Let me, at the very outset, state categorically that with this diary I do not intend any glorification of myself or, for that matter, anyone even remotely related to me.
My sole intention is to give the reader an idea of the predicament a person like me, who belongs to the so-called 'refugee' background, faces when confronted with the dreaded question: "Where do you belong to?"
I have been asked that umpteen times, and each time I have had to face the humiliation of an unsatisfactory answer. I have never been able to explain as to which part of the 'Indian subcontinent' I belong to. I know the term 'Indian subcontinent' sounds rather intriguing and to allay your doubts, I must explain... there is absolutely no getting away from that.
The Malik family hails from the city of Jhang in today's Pakistan. And although my father was born in Delhi [ Images ] almost four years after, the family, like millions of others, made the journey from what back then was called West Punjab [ Images ] to India [ Images ], I can very well claim to be a half-Jhangi.
As for my other half, well, my mother's family hailed from Jalandhar [ Images ], in East Punjab, but in 1947 she was resident in Karachi (now in Pakistan).
The Sehgals, as they are called, also had to flee for their lives and 'return' to India. So, in effect, they became refugees, too, and like the Maliks were granted 'refugee status' by the Indian government. My mother too was born in Delhi, nearly eight years after the Partition.
While Mama's pre-marital life was spent mostly in Orissa and the present-day Chhattisgarh, Papa lived mainly in Rajasthan [ Images ]. That was where I was born in 1983 in the city of Bharatpur [ Images ].
Since then, we have lived all over the country -- from Rajasthan to Andhra and then back to the Punjab. As for me, it is only since I joined the St Stephen's college nearly two years ago that I became a 'resident' of Delhi, the city my parents left decades earlier. Life for me has come full circle.
So why am I making you read all this? Why should you at all be interested in the chronicle of the life of a nondescript Indian?
Today I come under a category of people who are often described as 'second generation refugees'. In the decades following the Partition the refugee had in more ways than one been excommunicated from society. We became social outcasts.
But with the passage of time, this community became economically prosperous. Economic prosperity brought with it social acceptability, which in my view was possible only due to the sheer dedication and toil of the first generation.
The problem faced by my generation is of a separate nature. Indeed, today we lead relatively comfortable lives, where there is no dearth of educational opportunity, and, consequently, prosperity.
But over the last few decades there has been a constant erosion of our cultural and social values. So much so that a sizeable chunk of those with whom I fraternise do not even possess a minimal knowledge of their mother tongue (this holds especially true for the Punjabi community).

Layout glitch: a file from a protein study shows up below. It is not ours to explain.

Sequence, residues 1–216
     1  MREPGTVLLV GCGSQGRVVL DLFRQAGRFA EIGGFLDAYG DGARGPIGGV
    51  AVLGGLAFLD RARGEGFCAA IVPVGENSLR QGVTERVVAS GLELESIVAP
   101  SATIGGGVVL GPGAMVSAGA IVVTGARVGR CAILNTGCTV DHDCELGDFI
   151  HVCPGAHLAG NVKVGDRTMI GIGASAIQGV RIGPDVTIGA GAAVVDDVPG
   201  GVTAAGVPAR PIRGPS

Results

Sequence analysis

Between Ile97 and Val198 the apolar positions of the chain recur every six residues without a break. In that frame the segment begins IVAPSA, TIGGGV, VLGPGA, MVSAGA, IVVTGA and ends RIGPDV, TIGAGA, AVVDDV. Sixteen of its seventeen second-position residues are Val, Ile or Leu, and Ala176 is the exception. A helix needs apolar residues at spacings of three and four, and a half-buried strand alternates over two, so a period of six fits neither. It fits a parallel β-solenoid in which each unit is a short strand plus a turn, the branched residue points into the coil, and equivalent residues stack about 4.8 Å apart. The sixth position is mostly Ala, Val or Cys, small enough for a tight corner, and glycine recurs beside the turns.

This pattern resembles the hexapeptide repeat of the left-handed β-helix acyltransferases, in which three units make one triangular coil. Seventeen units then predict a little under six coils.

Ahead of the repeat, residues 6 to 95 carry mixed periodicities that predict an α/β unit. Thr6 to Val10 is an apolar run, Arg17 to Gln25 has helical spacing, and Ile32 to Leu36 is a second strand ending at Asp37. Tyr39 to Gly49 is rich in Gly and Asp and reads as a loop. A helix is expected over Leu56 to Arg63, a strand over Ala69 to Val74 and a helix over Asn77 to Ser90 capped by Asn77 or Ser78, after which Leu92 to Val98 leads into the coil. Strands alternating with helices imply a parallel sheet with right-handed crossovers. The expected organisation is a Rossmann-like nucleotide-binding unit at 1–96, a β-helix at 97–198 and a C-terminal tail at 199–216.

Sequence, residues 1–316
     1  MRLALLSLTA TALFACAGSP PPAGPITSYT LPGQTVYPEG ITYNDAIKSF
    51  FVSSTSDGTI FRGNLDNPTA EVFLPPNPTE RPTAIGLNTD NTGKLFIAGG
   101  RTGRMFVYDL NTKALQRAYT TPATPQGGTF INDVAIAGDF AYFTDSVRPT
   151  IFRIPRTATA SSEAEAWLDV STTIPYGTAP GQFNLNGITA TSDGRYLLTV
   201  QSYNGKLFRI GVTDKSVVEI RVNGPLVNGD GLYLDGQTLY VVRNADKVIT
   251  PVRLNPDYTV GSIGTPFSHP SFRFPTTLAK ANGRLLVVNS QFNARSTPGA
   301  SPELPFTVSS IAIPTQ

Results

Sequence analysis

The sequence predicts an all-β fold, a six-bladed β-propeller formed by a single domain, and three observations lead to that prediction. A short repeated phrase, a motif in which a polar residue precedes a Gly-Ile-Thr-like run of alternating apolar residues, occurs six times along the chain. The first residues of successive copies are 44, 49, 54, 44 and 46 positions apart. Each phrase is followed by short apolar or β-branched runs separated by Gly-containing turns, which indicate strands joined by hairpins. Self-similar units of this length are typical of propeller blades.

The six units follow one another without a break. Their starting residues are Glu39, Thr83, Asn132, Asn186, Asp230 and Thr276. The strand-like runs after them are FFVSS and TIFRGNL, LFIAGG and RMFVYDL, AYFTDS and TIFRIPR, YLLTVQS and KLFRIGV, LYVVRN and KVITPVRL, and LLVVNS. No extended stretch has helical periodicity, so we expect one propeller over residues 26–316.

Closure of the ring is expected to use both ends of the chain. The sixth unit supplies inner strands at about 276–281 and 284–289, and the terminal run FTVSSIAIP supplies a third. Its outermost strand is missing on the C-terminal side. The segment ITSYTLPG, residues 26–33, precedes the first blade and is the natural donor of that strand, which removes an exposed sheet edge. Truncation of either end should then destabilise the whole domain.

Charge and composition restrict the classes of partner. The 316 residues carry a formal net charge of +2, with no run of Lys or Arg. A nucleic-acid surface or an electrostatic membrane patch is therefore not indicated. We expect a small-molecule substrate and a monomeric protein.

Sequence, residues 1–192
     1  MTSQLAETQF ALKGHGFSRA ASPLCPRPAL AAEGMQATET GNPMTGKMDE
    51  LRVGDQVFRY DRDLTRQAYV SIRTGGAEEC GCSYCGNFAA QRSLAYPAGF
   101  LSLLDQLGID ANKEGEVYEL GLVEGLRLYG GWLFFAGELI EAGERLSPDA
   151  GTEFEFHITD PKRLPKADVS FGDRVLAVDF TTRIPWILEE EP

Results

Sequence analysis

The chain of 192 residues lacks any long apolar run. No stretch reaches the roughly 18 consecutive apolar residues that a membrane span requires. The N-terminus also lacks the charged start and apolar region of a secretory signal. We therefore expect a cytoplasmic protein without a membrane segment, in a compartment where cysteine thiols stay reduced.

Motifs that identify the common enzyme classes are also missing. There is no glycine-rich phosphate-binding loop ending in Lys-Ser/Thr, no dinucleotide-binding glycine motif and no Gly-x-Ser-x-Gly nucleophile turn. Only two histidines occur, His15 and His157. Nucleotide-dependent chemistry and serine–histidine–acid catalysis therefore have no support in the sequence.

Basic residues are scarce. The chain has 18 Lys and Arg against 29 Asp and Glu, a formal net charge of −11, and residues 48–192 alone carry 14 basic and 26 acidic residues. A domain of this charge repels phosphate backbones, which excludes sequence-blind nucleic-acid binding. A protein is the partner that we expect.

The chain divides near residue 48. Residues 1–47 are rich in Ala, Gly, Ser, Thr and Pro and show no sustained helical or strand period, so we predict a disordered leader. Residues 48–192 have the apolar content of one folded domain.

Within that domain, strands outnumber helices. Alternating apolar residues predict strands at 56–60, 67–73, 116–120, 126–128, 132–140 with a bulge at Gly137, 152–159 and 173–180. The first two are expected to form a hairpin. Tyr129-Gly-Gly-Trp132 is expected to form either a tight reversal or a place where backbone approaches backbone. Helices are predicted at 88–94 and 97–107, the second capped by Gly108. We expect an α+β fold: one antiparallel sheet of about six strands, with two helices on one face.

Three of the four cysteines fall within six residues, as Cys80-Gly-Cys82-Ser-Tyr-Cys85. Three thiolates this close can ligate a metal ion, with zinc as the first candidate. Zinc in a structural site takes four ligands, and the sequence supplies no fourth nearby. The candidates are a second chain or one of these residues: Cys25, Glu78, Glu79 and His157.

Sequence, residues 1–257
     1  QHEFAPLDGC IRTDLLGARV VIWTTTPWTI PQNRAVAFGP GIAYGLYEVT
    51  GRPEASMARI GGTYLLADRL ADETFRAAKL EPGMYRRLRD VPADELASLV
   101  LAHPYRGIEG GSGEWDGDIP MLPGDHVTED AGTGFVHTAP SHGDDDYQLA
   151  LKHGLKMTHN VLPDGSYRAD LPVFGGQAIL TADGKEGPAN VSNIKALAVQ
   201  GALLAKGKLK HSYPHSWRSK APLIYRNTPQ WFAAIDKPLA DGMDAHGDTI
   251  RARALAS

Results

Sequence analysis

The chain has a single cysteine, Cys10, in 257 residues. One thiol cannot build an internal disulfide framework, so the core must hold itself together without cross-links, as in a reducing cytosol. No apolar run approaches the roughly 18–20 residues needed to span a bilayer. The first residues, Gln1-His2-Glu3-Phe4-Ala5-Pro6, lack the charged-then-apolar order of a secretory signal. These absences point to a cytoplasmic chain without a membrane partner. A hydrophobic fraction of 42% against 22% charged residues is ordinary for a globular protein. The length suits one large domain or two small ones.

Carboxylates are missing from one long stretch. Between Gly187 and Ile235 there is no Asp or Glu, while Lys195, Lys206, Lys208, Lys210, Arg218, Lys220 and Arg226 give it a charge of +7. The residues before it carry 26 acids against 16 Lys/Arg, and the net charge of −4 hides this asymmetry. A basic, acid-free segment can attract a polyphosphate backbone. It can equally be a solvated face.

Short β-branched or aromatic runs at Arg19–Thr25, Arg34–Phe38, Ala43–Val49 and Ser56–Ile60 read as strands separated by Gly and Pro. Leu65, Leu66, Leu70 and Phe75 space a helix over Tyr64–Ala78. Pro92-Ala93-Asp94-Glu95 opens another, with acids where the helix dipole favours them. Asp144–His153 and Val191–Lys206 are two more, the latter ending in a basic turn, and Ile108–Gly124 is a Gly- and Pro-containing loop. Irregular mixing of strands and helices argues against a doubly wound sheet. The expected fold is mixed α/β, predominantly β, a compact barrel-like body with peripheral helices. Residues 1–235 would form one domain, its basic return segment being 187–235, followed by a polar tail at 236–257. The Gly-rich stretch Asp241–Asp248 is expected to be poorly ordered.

It would not be wrong to state that we, the Punjabis, have evolved as a more or less 'global' community. Today our reach extend not just to all parts of India but we have crossed the seven seas to reach the West.
But somewhere down the line the members of our community are losing track of their original customs and traditions.
One reason for this cultural erosion lies at the heart of economics -- blatant consumerism and unabated urbanisation (read Americanisation). But I intend not to dwell on this aspect any further, lest I be misconstrued as being averse to globalisation, which, I recognise, is a trend here to stay.
The only point I wish to make here is that globalisation should not translate into an utter disregard for one's cultural ethos.
Also, let the reader not be led to believe I in any way take exception to the manner in which the members of my community so readily imbibe the cultures and traditions of their adopted homelands. In fact, it becomes absolutely essential for them to do so in order to gain social acceptability among the local populace of the regions they inhabit.
But the members of the present generation of the community should strike a fine balance between what they have inherited by virtue of their lineage and what they now imbibe so as to become an integral part of the regions they live in.
I reckon as a first step to reverse this erosion, the Punjabi Diaspora needs to recognize the very existence of such a phenomenon. As a second step, we need to initiate steps to spark off a meaningful debate, by way of which we can arrive at a credible solution to this problem.
To help strike such a balance, an instrumental role will have to be played by the members of the older generations. The 'elders' will have to initiate the present generation into their culture and heritage. They would have to ensure the generations following them imbibe only the positive aspects of their culture, not the negatives. In short, they would have to separate the chaff from the wheat.
The responsibility of the continuance of any culture rests with the members of that community; the onus of keeping it alive lies solely upon them.
Illustration: Uttam Ghosh